Aftermath


Cheryl's Hundred

The other day, a mere couple of blocks from home in my affluent neighborhood, I was shocked to see two people curled up in a doorway. So covered in blankets and rags, they almost escaped my notice. Every week there are new people trolling the streets, their shopping carts piled high with recyclables. What kind of country are we becoming, really?

I have moments of cynicism when I wonder how much good any one of us can do, when it feels like the world is broken beyond repair. What will it take to make our world better? What is required of us as human beings? How do we rise to the challenge, day after day after day?

I struggle with my own brokenness as well. Miserliness was etched into my DNA long before I had anything to say about it. It’s not a fatal mutation; I see that now. And it needn’t keep me from living a full and generous life, although that will always be hard work.

I have found a way to make a difference. For me. For now. Every time I surprise a stranger with a gift, I look them in the eye and promise wordlessly to shoulder a tiny fraction of their burden. Whatever they’ll give me for $100. Sometimes I get more than I paid for, which I normally would consider a real bargain.

In 2011, I’ll be giving away 100 C-notes.

I read an entire (library) book over the long weekend, which was wonderful in itself. The book made a big impression on me, and at times left me feeling pretty low. It’s a story you may be familiar with, but I hadn’t heard it before and can’t remember now how I found out about it. I even have a feeling someone reading the blog suggested it.

The book is called Breaking Night: A Memoir of Forgiveness, Survival and My Journey From Homeless to Harvard. It’s written by a young woman named Liz Murray who grew up in the Bronx with two drug-addicted parents. From the age of four she watched her parents shoot up in their squalid apartment, waited anxiously for them to come home from scoring drugs, and survived on bread with mayonnaise as they blew their monthly welfare check in a few days of bingeing and left the cupboards bare. Liz stopped going to school and evaded caseworkers with tenacity and creativity. By the time she was fifteen she was living on her own, carrying everything she owned in a backpack and surviving on what food she could beg from friends, or steal.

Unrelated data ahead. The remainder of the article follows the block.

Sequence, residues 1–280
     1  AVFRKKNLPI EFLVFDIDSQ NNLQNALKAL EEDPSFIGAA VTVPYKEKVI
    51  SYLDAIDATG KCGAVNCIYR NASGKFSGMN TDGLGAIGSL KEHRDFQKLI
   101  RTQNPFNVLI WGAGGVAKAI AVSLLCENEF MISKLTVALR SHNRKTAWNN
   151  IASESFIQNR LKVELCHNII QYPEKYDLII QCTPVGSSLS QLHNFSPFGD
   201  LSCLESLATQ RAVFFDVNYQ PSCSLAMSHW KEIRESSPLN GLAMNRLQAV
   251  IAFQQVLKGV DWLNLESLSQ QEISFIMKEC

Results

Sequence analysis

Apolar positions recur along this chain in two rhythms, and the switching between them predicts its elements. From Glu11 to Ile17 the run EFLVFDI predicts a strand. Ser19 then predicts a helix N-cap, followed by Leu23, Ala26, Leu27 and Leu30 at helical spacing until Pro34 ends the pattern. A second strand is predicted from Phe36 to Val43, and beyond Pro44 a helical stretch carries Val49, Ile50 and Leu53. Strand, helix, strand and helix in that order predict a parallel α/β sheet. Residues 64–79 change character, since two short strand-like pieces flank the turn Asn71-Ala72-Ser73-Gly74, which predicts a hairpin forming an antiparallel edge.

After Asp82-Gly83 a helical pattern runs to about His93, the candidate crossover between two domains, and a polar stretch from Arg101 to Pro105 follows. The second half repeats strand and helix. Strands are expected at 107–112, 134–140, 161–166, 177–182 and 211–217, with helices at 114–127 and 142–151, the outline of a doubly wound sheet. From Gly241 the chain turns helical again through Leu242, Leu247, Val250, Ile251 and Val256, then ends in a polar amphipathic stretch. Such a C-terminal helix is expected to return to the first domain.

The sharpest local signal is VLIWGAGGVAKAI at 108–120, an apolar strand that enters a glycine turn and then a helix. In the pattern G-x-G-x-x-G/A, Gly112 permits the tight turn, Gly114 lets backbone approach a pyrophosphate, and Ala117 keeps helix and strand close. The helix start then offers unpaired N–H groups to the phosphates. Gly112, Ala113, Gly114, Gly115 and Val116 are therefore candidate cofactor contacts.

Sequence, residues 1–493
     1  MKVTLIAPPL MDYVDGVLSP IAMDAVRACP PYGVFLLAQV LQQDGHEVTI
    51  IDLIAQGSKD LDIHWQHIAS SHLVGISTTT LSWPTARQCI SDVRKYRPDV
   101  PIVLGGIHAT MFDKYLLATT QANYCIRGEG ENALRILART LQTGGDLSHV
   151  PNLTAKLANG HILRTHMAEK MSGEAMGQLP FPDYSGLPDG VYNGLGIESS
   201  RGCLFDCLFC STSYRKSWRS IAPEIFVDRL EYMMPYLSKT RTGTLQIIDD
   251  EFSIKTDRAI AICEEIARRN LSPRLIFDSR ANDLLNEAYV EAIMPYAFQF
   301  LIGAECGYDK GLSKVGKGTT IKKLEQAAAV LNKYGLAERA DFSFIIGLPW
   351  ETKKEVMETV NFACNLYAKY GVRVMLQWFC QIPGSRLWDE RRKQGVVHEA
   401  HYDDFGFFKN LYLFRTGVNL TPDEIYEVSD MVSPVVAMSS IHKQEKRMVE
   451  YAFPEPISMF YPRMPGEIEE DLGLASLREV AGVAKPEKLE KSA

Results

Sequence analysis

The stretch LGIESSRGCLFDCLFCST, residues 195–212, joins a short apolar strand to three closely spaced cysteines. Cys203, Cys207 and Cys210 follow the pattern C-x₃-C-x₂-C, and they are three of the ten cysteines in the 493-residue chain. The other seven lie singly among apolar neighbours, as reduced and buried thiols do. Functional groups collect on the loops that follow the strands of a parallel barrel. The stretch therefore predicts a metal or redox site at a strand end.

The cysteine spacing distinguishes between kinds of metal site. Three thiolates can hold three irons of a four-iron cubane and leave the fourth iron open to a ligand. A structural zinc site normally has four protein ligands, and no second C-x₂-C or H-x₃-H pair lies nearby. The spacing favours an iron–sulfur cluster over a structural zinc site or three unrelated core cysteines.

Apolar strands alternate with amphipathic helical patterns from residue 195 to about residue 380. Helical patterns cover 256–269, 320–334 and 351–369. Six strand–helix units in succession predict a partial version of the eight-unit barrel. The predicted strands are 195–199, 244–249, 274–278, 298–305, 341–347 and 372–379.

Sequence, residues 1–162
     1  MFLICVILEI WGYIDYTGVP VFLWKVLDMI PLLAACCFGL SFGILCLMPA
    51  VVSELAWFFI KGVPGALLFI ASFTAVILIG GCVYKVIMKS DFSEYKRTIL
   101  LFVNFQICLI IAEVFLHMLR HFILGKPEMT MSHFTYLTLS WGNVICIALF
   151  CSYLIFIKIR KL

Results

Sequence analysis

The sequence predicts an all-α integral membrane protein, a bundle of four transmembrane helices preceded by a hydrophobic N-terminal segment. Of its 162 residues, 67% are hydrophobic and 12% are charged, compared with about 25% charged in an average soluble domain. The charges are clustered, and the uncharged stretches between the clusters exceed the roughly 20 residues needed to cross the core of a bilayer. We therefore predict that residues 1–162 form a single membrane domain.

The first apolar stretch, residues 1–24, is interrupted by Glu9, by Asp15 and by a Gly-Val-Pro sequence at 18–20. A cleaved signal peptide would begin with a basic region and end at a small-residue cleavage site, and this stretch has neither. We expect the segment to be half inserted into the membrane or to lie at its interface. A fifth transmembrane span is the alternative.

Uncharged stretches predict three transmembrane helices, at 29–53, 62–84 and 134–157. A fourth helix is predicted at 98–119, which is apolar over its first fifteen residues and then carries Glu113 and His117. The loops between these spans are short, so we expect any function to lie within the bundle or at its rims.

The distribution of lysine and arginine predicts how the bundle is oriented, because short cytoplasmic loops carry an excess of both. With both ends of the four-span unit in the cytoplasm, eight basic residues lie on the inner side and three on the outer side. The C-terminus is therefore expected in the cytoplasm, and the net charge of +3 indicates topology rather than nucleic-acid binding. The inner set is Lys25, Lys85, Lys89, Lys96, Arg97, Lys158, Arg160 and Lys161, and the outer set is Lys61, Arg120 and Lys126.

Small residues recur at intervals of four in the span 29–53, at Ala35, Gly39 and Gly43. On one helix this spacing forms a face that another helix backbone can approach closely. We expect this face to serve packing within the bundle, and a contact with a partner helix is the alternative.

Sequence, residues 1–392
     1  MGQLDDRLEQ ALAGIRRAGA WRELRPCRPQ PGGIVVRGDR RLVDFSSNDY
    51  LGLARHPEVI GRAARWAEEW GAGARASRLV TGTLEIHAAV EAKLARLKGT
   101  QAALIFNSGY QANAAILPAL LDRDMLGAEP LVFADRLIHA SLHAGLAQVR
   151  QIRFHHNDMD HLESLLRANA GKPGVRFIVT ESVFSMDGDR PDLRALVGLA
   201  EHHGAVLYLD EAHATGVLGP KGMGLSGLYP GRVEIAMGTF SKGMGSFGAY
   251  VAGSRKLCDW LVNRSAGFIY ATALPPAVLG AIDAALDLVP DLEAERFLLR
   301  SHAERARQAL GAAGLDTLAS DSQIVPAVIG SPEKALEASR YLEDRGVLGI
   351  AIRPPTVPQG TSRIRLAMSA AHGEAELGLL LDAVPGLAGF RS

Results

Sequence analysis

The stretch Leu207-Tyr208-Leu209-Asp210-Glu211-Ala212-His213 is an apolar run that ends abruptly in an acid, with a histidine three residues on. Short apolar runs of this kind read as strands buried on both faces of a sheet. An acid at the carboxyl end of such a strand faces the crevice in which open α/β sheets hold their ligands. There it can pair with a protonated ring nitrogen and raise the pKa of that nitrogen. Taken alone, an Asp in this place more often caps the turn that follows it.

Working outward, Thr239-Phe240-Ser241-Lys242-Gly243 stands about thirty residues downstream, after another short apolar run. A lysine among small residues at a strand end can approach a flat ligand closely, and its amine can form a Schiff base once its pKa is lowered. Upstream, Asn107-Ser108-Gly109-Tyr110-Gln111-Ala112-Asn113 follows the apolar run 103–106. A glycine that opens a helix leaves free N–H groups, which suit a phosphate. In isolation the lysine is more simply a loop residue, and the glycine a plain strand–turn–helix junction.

The story has an uplifting ending. This remarkable young woman has not only come to terms with her childhood, forgiven her parents, and made much of herself but now devotes her life to helping others realize their potential regardless of their circumstances.

One of the things that struck me most about Liz’s story was how invisible she was. For years she slept in stairwells or subways at night or in friends’ empty apartments during the day while their parents were at work. After a stint in “placement” she was terrified of being sent back into the system so never let on how dire her circumstances really were.

I was out for a walk along Broadway today and saw a young woman sitting on a corner. She was wearing filthy clothes and had a kerchief around her head and a dirty blanket around her shoulders. In her lap was a cardboard sign that said “Please help. $18 will get me a room at the Joyce.” I thought of the book, and of all the people who looked the other way while Liz Murray endured stunning neglect and thieved her way through her American childhood.

A hallway at the Joyce Hotel. Photo from hostelz.com, a hostel review site. Reviews of the Joyce are not for the faint of heart.

There was a dog curled on an old sleeping bag a few yards away, a bag of kibble propped up nearby. I smiled at the young woman and said hello but kept walking, unsure. After a few steps I turned around. The woman spoke. “She’s okay, if you’re worried about the dog. She won’t hurt you.” I went back and stood near the woman. Her green eyes were clear, her face marked by fatigue. Her straight white teeth hinted at the fact that maybe, at some point, someone had cared about her.

Her name was Carrie. We started to talk and she told me she’d been living on the streets for about a year, ever since she lost her job at a residential treatment center in Yakima. She grew up in Portland so, jobless, she headed back towards home. Her car died during the trip and she arrived penniless. Usually she sleeps under a bridge, but occasionally she collects enough coins to pay for a night in a four bed “hostel” room at the Joyce Hotel. She shivered under her blanket.

The paper cup held some pennies and other coins. It seems pretty cheeky in retrospect, but I asked her if she was using and I believed her when she proudly said she’d been clean for four years.